|Resources and Guides for|
This page in a nutshell: Before you begin work, get your online tools set up.
First thing’s first for an online course: we need to get everyone set up and oriented with the digital components.
One of the great things about the digital world is that it offers options. Plenty of options. Perhaps too many. The purpose of this handy-dandy introduction is to narrow and focus just what online applications will serve you best in the college classroom.
If you're reading this, most, if not all, work done for this class will be through digital platforms. Writing for and with digital media is a public practice, so while we learn and practice the skills necessary for strong writing (no matter what course you’re in), we will also practice other online literacies that are integral to developing digital fluencies.
As the world of higher education becomes increasingly digital, we need to do our best to keep up. This means:
- My courses will use open applications available to all;
- They will follow similar procedures each week for design simplicity and accessibility;
- They will teach valuable media literacies along with course content.
- To get connected in a general way for work this semester;
- To open a Twitter account and set it up for use in this class;
- To learn the fundamentals of Twitter and “tweeting”;
- To emphasize the importance of developing an online presence and your own learning network.
Before you go any further, check out (if you have not already) “Considerations for Online Courses.”
Online courses are not like traditional face-to-face classes. Traditional courses taught in classrooms tend to be teacher-centered — i.e., defined by what the teacher does. Online courses are student-centered. They require students willing and able to make their own decisions and budget their own time. Self-motivators who are not afraid to try new approaches and take risks usually do well. Folks who need a lot of personal assistance tend to do less well. The latter might be served better by a more traditional section of the course.
To restate: if you’re the type of learner that prefers teacher-centered classes, you might do better by choosing a traditional face-to-face course.
Stay Informed and Get Connected
Always refer to your specific course syllabus for the most accurate information about course requirements, schedule, assignments, and due dates. News, announcements, and updates are available there and through communications components of each course, like Slack or D2L or whatever your course uses.
Still have questions, check the FAQ.
If your class does not use D2L, much of your work this semester will be done through various media platforms. It’s imperative that you sign up and practicing using these as soon as possible (see your syllabus). As these media are often part of public discourse, many of the assignments for the course will be posted on platforms accessible to all. If this makes you uncomfortable, please consider another section.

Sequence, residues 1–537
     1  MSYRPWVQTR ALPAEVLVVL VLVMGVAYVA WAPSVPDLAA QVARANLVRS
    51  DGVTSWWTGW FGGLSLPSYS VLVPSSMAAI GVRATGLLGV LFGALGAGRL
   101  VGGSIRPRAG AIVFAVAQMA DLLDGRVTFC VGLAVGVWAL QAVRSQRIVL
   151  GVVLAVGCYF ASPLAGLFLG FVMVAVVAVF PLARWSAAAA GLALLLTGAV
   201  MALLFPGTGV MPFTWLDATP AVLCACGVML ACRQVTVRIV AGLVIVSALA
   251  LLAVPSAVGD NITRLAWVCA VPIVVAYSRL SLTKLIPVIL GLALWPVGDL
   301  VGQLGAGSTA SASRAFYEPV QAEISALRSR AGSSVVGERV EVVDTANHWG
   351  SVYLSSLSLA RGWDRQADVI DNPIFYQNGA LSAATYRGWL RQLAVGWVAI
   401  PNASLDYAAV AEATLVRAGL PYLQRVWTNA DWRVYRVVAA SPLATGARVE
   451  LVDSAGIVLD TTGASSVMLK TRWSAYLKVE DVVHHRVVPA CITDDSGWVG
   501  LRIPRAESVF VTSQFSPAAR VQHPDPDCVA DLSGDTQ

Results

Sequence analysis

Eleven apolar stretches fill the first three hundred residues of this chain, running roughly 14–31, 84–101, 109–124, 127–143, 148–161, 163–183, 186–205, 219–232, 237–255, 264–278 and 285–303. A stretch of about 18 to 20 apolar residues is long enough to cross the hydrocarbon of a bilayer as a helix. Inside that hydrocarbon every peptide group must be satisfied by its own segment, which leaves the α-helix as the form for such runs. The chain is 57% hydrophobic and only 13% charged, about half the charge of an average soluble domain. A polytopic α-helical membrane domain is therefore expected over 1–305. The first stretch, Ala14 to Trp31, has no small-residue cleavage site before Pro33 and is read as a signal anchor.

Course syllabi are listed with all classes on the Course Directory. Begin your introduction to the course with the syllabus. Always refer to the syllabus first if you have questions. Do not print the syllabus as it is likely to change; bookmark it and refer to it online. If I change the syllabus, I will let you know though several communication channels and social media.
Online courses will follow a certain procedure each week. While these classes are asynchronous, they do require students submit work daily or weekly. Be sure to check your syllabus for specific requirements, procedures, and due dates. Try to work a bit daily, as that will keep you from procrastinating and falling behind.
Some writing online requires the use of HTML to link URLs or to italicize some titles. Check out “Basic HTML” (or just Google it) to be sure you know how to do this. This is a basic skill for online communication that all college students in the digital age need to know.
The golden rule for online writing: Write in English. Never paste in a URL when the platform allows linking English words.
Online writing should exemplify your best work as a college student — this is paramount. These activities could use various media platforms and each has its own best uses.
Keep backups of all your work. When submitting something online, you should also keep a local copy for your records — just in case something happens. For additional security, consider a cloud backup application like Dropbox or Box to keep all of your files safe automatically. When using public computers, save often to your own flash drive. I cannot help you if you lose your work because of a computer lab glitch.
Test Your Knowledge
Now that you have read through your syllabus, policies, “Humanities Basics,” “Online Basics,” followed the links, and set up your necessary accounts, take the quiz.
You will need to login with your Google Accounts ID. You should pass the quiz with a 70% or higher. Otherwise, you might want to review this material before proceeding.
Note: this quiz is only available during the first couple weeks of new semesters. Be sure to take it early.